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Monday, March 19, 2007 

Scum-watch: Knife crime? The Sun has the solution!

Let's start out with some caveats. There is undoubtedly a problem, especially in inner cities, with youths carrying knives and not being afraid to use them. They might be carrying them out of fear that they themselves may be attacked, mugged for their iPod or mobile phone; they might be doing so as a status symbol; and they might have them in their possession to rob others. Whichever reason it is, and gang culture and youth culture itself play a part as well, there are ways in which the problem can be tackled. Jackie Ashley in the Grauniad today puts forward a few good ideas on how it can be done.

One of the bitterest ironies of the death of Kodjo Yenga is that he had been featured on a MTV programme about knife crime, where he mentioned that although it was a problem, he thought the media were exaggerating it. Even though Yenga himself has now become the latest tragic victim of something he spoke out against, he was in fact probably right. When someone is murdered, we like to think that there's a motive behind the slaying, looking for meaning in the meaningless, anything to distract us from the at times cold-blooded reality. Yenga's murder, and that of Adam Regis, both appear from what we currently know to be utterly senseless crimes; the motive may not have been in the case of Regis's assailants to kill him, and the apparent chanting of "kill him" by the mob who chased Yenga was likely typical bravado, similar to how schoolchildren will quickly gather around a fight in a playground cheering on the writhing combatants, but neither death fits the narrative which we like to think is always behind violence. It's when this insulation from the fear and horror we associate with murder is removed that we then start looking for other explanations and for answers that we might otherwise ignore or dismiss.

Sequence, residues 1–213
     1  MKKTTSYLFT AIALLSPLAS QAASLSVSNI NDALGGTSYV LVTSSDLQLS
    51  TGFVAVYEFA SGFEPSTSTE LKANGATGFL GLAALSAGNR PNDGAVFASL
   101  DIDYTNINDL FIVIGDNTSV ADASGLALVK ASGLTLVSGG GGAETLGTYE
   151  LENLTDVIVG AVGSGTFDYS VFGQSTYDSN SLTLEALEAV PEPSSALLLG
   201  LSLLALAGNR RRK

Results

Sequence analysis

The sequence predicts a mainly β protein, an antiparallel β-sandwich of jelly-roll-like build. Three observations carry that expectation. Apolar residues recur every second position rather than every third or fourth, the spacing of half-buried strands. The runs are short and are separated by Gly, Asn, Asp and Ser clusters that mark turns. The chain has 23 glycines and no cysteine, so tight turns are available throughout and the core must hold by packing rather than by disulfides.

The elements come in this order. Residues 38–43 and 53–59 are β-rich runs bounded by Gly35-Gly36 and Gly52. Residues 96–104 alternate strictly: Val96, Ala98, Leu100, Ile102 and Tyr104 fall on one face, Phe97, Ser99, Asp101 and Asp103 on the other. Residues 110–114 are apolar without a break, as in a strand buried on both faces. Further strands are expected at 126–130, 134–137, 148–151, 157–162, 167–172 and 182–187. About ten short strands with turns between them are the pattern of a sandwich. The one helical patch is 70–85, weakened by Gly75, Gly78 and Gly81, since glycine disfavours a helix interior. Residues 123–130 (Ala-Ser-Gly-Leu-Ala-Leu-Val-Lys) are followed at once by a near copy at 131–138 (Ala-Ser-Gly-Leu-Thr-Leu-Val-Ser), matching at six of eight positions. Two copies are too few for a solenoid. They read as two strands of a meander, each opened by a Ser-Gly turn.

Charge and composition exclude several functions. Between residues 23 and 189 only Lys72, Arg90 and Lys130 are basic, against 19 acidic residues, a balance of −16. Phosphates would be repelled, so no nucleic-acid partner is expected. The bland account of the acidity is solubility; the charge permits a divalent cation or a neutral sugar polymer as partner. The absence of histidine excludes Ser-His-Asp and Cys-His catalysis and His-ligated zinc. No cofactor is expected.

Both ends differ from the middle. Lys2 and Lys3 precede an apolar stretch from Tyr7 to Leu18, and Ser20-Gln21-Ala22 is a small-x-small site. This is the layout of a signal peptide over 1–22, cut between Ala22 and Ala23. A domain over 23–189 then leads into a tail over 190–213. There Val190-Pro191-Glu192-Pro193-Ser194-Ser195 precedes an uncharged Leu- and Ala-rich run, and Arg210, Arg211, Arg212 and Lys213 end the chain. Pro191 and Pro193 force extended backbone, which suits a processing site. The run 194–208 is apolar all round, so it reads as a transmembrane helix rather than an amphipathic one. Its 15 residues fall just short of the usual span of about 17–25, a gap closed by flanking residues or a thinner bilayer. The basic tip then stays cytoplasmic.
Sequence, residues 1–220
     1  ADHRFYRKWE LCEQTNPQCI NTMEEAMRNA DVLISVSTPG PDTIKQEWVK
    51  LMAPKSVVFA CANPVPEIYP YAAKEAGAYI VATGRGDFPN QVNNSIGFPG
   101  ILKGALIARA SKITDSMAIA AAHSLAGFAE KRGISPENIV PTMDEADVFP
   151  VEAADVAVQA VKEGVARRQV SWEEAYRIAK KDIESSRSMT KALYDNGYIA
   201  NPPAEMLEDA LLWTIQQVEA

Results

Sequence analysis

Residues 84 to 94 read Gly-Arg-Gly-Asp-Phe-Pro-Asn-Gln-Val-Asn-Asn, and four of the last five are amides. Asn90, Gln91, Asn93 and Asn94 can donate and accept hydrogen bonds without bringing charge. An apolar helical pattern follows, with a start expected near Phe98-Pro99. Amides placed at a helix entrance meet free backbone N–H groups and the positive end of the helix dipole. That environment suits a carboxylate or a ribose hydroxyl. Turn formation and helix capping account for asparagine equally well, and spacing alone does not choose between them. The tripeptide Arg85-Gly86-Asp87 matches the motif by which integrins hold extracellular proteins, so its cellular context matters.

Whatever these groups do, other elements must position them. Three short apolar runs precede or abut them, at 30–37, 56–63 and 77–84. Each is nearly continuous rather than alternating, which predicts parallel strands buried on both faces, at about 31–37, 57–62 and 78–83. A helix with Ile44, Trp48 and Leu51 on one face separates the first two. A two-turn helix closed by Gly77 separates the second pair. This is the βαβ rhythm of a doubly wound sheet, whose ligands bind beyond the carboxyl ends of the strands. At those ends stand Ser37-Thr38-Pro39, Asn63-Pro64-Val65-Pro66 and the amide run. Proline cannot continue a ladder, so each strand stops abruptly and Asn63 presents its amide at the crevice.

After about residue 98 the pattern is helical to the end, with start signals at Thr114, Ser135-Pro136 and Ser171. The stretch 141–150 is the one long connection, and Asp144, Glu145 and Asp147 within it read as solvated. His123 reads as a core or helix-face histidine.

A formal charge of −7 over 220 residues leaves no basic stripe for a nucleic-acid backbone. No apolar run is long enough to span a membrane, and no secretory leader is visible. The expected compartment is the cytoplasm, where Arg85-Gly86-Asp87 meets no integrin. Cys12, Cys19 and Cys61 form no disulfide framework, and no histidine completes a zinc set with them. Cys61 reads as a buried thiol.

The Sun is not perhaps the greatest example of this in action. By nature, the Sun takes the banal and routine and tries to turn it into something it's not. The sensationalism it relies on, especially as sales inexorably decline, means that a single crime or murder necessitates a radical or over the top response. When a few come along in a cluster, as they recently did with a number of shootings, which were as usual quickly forgotten once the story had moved on, then the Sun becomes even more certain and hysterical in its editorial outpourings.

IT is a sick society where children murder children with such apparent glee.

Saturday night’s stabbing of 15-year-old Adam Regis in London was just the latest in a series of five teenage killings in the capital.

It is not only areas of London where this madness reigns. There have been young victims in Manchester, Nottingham and Birmingham.

Right, so society's sick. This slaughter is not confined to one area, but to other big cities as well. So far, so typically Sun. Next step: bash a minister.

Instead of Communities Minister Ruth Kelly dismissing these nightmare murders as “isolated incidents” she should be urging her fellow cabinet ministers into action.

Kelly's statement that these were "isolated incidents" was indeed crass, although her point in general was that we shouldn't rush to all jerk our knees in unison and delve straight into "why oh why" type dramatics. John Reid however, who wants to ingratiate himself so much with the Sun that he perhaps ought to move in on Wade now that she's available, has heeded the Sun's advice: